In October, the CLEST investigator received verification from all seven officers that none of them had attended any radar certification class. Paperwork had been filled out by Watkins and Hanson under order of Baker, including state forms that went missing with the original training file. Baker had told investigators it had disappeared.

Investigators stated in the affidavit that they believe the original records were either destroyed, removed or hidden.

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lachowsj
5483
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lachowsj 12/10/12 - 07:32 pm
8
0
Don't send him to prison

I don't want to feed him for six years. I just want to make sure he is fired and never works in the field again. But I would also like to see an investigation of Mayflower law enforcement. I've heard stories of people getting tickets, paying the fine and never having the conviction show up on their record. Makes me wonder if someone was pocketing the cash.

Igor Rabinowitz
9183
Points
Igor Rabinowitz 12/11/12 - 10:40 am
7
3
Feh

A local sheriff padding some paperwork, some cop gets mad about something, turns him in, blah blah and here we are.

$2,500 bond should tell you how serious a crime this is(n't); I doubt he'll do any jail time.

Granted teh Internets moralists will be along here in a minute, suffering the vapors from such a failing, but out here in the real world these things happen. I mean really: Radar operator school?

Here, I'll teach a class:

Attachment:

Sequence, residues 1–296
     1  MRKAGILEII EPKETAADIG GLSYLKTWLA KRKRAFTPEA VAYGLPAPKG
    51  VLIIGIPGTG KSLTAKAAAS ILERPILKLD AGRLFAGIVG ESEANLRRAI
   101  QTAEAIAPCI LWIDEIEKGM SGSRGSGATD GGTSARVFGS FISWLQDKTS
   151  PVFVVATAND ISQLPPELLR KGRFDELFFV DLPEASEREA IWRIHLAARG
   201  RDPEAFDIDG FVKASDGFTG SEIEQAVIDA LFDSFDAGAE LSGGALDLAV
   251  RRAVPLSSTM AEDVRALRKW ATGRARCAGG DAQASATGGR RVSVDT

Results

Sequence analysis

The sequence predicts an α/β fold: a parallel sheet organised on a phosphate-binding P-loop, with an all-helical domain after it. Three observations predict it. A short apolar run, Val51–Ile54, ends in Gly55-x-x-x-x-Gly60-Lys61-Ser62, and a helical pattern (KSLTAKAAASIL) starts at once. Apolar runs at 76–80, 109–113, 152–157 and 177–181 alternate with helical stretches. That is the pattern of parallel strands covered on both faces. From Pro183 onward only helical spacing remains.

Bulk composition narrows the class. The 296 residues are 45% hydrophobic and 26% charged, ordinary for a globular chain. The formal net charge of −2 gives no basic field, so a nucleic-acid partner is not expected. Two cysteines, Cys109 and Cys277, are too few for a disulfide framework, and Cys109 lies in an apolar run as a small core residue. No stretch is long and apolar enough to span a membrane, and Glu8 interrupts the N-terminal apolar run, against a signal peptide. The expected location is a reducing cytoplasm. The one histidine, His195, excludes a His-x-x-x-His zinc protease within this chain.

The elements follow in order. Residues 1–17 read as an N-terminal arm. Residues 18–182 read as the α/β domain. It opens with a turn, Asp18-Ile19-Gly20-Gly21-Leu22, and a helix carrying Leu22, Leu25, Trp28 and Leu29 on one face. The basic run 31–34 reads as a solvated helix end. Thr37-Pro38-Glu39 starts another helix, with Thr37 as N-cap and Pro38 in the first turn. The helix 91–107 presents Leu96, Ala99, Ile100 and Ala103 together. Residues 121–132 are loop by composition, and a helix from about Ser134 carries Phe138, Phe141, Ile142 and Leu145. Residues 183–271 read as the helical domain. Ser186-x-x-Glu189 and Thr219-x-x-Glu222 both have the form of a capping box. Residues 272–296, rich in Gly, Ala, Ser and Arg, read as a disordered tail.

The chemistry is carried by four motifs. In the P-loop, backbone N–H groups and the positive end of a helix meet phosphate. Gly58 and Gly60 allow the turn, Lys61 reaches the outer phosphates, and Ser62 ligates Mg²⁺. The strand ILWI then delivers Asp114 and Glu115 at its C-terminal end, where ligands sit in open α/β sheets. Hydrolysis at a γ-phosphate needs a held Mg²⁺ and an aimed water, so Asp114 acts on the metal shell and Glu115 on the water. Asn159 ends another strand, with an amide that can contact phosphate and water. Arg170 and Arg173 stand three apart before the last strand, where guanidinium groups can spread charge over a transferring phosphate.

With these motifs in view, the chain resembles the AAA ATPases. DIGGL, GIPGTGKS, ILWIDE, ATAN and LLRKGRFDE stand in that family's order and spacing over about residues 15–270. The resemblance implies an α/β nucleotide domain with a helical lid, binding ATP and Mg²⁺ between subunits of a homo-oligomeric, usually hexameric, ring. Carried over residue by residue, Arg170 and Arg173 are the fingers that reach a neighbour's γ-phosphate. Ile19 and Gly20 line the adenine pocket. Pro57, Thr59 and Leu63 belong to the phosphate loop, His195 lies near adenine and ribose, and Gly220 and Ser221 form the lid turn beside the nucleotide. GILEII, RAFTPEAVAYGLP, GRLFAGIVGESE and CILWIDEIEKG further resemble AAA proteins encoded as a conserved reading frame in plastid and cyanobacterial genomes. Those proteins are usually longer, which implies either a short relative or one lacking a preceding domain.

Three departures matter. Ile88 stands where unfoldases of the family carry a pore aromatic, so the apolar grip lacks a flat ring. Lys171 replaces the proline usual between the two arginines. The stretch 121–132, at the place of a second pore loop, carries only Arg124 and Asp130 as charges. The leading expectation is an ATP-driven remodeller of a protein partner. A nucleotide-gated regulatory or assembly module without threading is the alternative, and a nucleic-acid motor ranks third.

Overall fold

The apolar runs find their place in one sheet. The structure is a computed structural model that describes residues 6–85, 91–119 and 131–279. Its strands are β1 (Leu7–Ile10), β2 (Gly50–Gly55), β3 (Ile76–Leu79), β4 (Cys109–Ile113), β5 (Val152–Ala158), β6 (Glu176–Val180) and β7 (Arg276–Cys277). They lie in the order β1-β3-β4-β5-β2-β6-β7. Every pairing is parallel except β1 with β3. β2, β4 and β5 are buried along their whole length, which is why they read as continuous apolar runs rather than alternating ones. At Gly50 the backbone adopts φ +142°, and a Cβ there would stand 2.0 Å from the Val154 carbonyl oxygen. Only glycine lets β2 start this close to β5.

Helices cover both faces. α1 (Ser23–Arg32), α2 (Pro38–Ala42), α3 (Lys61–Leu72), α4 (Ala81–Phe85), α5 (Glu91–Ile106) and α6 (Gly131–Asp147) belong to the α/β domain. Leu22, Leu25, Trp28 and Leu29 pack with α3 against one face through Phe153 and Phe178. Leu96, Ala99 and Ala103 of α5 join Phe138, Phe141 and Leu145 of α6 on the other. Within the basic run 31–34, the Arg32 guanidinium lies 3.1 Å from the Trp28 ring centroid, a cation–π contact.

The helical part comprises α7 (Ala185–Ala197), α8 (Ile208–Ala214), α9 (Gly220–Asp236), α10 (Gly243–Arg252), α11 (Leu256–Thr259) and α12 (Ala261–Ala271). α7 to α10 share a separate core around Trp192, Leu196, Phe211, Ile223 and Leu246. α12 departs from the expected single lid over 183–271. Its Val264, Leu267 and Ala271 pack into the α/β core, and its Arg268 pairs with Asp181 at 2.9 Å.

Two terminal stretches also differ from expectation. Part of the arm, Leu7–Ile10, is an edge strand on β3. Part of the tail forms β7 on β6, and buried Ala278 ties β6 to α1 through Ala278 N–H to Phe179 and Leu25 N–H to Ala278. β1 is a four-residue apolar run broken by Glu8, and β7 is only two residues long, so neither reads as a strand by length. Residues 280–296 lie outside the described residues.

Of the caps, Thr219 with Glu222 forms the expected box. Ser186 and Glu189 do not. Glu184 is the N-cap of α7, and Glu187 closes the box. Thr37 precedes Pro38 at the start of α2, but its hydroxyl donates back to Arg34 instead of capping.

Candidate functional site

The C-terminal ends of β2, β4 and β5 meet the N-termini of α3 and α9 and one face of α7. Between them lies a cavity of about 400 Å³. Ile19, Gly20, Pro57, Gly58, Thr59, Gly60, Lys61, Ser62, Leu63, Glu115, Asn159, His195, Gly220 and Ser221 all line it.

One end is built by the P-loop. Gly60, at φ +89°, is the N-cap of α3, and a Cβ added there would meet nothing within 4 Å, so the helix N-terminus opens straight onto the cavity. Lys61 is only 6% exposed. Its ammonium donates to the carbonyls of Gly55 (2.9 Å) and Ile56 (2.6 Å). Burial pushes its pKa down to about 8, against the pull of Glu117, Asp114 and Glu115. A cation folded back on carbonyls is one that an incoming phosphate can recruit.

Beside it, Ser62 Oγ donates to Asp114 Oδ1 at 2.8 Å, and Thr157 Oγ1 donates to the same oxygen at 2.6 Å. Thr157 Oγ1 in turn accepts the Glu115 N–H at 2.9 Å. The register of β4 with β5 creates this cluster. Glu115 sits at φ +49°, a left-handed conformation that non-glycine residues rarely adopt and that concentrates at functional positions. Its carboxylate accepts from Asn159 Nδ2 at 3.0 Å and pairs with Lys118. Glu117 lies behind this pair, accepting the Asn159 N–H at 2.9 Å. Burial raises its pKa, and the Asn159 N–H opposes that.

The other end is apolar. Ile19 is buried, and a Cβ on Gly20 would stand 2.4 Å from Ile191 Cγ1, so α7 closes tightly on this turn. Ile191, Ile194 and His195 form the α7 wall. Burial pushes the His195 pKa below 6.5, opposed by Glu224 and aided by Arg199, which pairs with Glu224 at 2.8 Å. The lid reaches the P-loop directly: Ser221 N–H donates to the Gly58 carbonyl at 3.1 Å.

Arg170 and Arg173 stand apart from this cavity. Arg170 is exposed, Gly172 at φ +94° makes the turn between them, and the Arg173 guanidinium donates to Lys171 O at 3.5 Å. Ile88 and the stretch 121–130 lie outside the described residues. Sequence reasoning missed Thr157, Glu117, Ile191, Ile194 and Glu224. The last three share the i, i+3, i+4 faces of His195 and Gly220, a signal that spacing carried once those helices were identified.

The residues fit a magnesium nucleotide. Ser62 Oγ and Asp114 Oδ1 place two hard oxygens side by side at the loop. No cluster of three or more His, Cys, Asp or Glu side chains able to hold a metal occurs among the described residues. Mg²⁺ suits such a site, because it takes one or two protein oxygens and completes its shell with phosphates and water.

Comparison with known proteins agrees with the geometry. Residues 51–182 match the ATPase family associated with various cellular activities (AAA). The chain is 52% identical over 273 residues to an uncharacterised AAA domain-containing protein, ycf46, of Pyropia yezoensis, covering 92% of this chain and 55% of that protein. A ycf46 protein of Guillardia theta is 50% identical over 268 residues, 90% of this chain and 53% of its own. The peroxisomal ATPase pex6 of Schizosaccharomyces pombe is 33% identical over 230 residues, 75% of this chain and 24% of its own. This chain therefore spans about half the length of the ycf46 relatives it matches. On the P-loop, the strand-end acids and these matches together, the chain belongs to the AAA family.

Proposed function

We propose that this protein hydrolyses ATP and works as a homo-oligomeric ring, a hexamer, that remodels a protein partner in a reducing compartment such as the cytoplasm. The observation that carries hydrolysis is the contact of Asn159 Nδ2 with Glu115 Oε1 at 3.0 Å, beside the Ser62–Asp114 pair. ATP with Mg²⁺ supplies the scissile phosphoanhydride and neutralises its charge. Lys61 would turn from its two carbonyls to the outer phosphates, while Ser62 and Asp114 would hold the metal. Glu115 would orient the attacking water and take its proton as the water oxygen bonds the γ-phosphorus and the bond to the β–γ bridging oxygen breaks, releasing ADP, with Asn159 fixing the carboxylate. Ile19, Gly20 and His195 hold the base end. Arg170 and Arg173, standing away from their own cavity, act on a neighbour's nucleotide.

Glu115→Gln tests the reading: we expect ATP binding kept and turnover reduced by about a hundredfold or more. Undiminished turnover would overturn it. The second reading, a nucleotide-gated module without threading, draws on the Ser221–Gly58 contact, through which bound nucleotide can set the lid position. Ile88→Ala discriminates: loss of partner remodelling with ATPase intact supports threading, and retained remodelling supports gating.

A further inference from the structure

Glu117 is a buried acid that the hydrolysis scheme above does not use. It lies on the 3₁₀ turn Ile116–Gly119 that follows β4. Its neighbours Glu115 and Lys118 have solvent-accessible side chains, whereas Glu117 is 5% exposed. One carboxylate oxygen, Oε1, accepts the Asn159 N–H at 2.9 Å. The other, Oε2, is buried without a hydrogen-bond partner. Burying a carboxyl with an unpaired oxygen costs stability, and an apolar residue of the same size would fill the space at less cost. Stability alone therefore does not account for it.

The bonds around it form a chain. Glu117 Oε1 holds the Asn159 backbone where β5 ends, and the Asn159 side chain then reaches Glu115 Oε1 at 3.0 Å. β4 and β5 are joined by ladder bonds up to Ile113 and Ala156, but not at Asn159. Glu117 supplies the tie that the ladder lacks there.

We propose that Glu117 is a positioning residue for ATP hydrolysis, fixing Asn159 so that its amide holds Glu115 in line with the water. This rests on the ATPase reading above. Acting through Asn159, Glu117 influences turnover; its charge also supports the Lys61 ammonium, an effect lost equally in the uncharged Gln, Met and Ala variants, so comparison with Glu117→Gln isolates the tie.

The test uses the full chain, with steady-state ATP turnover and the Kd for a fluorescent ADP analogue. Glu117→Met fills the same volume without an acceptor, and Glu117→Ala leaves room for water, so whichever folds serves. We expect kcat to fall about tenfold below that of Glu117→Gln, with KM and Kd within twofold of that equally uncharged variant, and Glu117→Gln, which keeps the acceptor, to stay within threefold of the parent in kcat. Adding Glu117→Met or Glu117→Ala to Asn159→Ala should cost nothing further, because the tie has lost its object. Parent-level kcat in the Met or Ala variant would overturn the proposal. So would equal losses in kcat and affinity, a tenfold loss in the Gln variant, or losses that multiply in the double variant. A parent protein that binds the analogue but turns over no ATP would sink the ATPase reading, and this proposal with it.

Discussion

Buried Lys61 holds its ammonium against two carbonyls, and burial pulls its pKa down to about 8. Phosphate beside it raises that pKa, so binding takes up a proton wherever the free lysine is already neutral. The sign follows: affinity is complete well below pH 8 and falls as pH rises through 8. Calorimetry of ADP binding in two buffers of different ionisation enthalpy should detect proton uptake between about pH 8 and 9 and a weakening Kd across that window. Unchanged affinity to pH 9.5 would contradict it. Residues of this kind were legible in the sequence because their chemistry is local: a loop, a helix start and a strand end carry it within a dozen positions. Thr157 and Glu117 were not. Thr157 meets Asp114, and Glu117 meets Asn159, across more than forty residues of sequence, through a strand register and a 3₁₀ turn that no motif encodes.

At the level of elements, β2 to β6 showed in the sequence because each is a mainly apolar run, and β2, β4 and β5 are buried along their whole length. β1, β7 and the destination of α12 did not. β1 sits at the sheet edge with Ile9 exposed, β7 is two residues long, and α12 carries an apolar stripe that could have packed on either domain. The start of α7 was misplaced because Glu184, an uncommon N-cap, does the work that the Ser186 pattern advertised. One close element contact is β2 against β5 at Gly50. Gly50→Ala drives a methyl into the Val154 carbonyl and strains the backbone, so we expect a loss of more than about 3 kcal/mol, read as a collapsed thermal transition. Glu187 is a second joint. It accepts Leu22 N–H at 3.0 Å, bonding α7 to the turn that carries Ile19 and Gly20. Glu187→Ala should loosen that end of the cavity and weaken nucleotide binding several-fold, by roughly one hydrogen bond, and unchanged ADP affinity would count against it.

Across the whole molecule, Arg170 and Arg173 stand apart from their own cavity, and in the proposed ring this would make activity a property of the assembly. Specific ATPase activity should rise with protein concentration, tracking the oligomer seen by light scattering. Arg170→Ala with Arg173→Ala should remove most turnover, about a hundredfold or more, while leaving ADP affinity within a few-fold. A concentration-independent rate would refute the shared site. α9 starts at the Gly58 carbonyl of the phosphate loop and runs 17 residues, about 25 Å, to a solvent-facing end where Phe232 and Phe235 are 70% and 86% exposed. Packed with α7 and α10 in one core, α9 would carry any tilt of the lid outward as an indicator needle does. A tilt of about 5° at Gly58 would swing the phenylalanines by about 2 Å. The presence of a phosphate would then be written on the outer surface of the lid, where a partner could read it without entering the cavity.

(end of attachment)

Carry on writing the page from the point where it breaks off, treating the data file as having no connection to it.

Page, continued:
1- Don't point it at your face or your dog's face.

2- Point it at cars you think are speeding. Pull trigger.

Everybody who read this is getting signed off, provided their faces aren't burnt.

i_wonder
27122
Points
i_wonder 12/11/12 - 10:44 am
6
1
"provided their faces aren't burnt"
Unpublished

What if my dog's face is burnt? Am I still good-to-go?

Igor Rabinowitz
9183
Points
Igor Rabinowitz 12/11/12 - 03:01 pm
4
0
Decision matrix

Singed: Good

Burnt: No

lachowsj
5483
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lachowsj 12/11/12 - 09:20 pm
2
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A story once made the rounds

A man on Cedar Avenue in Little Rock was ticketed by a policeman with a hand held radar gun. The motorist asked the policeman to do a little experiment. He said, "Point that thing at that building over there," motioning toward one of the buildings at the UA Medical Center. The radar gun read 15 mph. On seeing that, the man said, "I know that building ain't going nowhere." With that, the policeman let him go.

I can't vouch for the truth of the story but I get the feeling operating one of those things does take some level of expertise.

ifyoudontknownowyouknow
453
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ifyoudontknownowyouknow 12/11/12 - 11:37 am
5
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Igor

You could be right however the fact that the Chief is lying about having a class is a big no no.

gigi002
16
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gigi002 01/21/13 - 09:00 am
1
1
Seriously doubt that is all

Seriously doubt that is all he lied about. See post below~

gigi002
16
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gigi002 01/21/13 - 08:55 am
2
1
@lahowsj- Good paragraph.

@lahowsj- Good paragraph. And, you should wonder if someone was pocketing the money. Billy Paul Baker left Carroll County in the late 90's owing half the county money. He scammed people and didn't pay bills etc. I wondered how in the world he ended up Chief of Police, ANYWHERE. If I were in the city of Mayfield, I would be checking ANYTHING this leach had his hands on. He is a fraud!